Home > News > Swarm, the Bitcoin Crowdfunder Creating a Buzz

Swarm, the Bitcoin Crowdfunder Creating a Buzz

This Berlin-based crowdfunding platform wants you to trade in satellites, not money

Anne Parsons
Swarm, the Bitcoin Crowdfunder Creating a Buzz© 2018 Paul Hocksenar Flickr

Crowdfunding platforms are pretty straight forward. You make a pledge of money, and in return get some kind of reward (if you give a lot). The premise is simple enough.

What happens when you bring in the concept of cryptocurrency?

Well you might be scratching your head, much like I was when I first read in VentureVillage about Swarm, a Berlin-based crowdfunding platform for startups, that allows it startups to issue their own digital currency. To give you an example of how this will work, the first of Swarm’s projects is with a startup called SpaceX who want to source money for their nanosatellite project. SpaceX, thanks to Swarm, will issue coins that will each represent one nanosatellite. If you purchase one coin, that will mean that you own an actual nanosatellite. This coin linked to the nanosatellite is transferable and tradable, this cutting out the middlemen, such as the bank, government or crowdfunding platform.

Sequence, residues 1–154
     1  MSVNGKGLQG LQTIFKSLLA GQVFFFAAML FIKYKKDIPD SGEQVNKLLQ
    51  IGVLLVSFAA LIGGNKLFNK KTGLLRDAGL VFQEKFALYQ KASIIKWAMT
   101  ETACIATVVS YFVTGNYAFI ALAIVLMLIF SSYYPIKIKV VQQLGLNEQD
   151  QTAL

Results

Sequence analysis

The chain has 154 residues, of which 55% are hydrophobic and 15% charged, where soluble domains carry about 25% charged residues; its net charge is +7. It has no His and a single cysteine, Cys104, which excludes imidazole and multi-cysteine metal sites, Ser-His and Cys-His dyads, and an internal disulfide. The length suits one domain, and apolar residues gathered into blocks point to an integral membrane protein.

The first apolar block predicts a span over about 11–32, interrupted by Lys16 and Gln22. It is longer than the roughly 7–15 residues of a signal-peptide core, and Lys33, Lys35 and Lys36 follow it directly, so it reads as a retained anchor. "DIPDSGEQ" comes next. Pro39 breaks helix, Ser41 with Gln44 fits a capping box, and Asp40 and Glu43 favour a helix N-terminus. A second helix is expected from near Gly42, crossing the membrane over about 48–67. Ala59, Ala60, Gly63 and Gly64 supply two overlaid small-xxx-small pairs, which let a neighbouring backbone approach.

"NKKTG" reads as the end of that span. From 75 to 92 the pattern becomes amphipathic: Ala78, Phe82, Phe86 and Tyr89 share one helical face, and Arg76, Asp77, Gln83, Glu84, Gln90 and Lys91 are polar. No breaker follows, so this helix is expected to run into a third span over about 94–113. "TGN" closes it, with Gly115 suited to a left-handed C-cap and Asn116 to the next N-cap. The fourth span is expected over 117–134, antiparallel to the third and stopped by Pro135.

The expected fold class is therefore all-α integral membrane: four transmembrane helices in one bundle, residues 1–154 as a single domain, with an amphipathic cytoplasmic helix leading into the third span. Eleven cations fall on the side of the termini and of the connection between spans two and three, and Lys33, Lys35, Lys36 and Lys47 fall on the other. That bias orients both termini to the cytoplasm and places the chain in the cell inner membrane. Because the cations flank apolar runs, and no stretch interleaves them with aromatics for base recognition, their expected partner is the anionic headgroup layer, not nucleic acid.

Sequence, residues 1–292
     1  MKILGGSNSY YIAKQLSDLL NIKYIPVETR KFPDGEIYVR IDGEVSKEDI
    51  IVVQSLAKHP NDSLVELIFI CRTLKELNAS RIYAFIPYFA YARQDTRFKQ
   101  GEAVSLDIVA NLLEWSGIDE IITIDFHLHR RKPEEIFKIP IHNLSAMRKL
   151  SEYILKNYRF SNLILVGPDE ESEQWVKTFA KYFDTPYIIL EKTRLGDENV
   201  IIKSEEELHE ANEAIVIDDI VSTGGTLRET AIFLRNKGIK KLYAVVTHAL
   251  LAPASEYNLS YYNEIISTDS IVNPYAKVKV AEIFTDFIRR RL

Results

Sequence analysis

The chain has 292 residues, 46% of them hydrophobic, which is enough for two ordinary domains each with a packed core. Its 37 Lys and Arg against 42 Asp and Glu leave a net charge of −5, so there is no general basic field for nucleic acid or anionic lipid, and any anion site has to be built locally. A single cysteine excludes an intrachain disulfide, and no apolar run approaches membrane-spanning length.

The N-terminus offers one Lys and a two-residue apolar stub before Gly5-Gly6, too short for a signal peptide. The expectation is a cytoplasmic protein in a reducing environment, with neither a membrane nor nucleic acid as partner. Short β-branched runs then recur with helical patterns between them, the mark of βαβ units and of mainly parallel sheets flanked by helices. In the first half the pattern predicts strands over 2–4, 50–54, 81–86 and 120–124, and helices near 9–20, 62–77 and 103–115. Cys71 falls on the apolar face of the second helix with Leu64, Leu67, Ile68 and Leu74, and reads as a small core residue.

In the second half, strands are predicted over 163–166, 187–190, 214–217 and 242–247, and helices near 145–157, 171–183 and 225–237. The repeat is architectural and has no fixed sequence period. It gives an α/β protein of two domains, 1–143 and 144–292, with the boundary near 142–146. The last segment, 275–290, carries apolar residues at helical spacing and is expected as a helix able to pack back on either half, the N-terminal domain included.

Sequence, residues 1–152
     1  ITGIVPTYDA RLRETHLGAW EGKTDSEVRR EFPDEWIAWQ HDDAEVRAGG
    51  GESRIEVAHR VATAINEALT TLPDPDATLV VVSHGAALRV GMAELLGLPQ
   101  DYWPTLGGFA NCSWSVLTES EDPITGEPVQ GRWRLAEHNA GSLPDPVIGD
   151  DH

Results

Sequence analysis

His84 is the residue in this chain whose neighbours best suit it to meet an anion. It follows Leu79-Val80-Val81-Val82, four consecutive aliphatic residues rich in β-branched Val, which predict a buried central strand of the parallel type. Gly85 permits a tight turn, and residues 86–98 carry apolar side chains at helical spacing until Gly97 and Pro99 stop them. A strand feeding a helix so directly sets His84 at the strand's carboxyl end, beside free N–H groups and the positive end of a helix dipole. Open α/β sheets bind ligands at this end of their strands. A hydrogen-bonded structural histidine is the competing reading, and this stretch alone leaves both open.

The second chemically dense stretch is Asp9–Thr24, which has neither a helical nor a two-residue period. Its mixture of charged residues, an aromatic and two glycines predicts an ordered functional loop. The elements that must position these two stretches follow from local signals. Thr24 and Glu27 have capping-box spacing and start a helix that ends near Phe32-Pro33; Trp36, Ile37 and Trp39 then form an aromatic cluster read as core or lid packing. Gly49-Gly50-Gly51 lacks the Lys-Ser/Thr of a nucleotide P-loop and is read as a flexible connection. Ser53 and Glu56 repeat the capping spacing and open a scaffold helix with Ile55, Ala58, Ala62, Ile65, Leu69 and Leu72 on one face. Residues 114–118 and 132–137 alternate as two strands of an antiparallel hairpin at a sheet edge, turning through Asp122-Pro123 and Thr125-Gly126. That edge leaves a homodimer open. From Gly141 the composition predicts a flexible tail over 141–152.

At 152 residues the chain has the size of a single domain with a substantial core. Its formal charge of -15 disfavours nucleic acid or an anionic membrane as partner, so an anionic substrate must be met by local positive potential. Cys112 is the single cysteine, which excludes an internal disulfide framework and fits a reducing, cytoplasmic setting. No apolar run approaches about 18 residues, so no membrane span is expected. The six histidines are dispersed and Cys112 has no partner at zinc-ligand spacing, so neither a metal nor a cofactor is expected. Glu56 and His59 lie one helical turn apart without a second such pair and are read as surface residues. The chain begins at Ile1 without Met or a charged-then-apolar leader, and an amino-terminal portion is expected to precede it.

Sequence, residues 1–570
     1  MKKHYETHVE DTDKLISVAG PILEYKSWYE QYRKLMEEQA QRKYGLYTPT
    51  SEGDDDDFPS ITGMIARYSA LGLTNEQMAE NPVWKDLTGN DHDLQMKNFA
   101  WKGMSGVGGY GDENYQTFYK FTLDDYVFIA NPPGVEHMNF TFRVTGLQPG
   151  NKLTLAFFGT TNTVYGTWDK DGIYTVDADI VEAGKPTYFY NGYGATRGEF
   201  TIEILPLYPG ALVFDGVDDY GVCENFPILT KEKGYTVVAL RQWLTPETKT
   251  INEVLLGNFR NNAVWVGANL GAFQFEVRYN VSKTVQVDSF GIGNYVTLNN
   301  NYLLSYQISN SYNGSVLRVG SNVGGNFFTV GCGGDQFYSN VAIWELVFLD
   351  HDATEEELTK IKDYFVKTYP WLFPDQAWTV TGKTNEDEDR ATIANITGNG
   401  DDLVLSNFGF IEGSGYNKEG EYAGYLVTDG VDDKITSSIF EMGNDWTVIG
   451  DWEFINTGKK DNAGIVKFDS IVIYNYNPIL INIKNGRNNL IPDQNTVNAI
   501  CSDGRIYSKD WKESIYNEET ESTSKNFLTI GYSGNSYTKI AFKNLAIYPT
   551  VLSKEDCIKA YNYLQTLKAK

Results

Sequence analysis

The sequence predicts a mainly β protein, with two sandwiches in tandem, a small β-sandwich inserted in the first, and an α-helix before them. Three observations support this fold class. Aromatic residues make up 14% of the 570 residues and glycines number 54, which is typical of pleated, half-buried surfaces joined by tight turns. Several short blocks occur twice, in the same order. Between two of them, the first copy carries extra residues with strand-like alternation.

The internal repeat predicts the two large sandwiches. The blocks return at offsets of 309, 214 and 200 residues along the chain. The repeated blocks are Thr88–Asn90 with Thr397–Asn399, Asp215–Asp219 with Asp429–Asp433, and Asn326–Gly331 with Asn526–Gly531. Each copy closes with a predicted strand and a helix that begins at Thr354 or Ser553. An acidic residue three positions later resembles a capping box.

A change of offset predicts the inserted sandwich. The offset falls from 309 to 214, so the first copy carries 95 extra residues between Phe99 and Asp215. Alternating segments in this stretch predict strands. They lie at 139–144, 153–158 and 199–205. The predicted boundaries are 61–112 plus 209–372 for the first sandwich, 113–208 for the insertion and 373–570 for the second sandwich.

"We stated our vision to restore to all people the power currently monopolized by the 1%, the power to participate meaningfully in economic life."

Does this make sense?

This is all thanks to Bitcoin 2.0 technology, which Swarm uses as an application platform. This application allows you to make currency out of pretty much anything, and allows you to transfer shares, for example, without the regular mediator. By using this bitcoin protocol, Swarm enables users to set up their own ‘digital wallet’ which they can use to invest into startups directly.

Entrepreneur and software developer Joel Dietz is responsible for Swarm, and aims to transform the investor/startup relationship. He wants to shift the type of investors in a project to those who use it, and are passionate about it, and return the autonomy and vision to the founders of the project at hand, which can often be sullied by the demands of remote investors keen to turn a profit.

Dietz’ idea sounds promising, if a little confusing, and we can only wait and see if it will disrupt the crowdfunding industry as it proposes to do.

Related articles

This page is currently only available in English.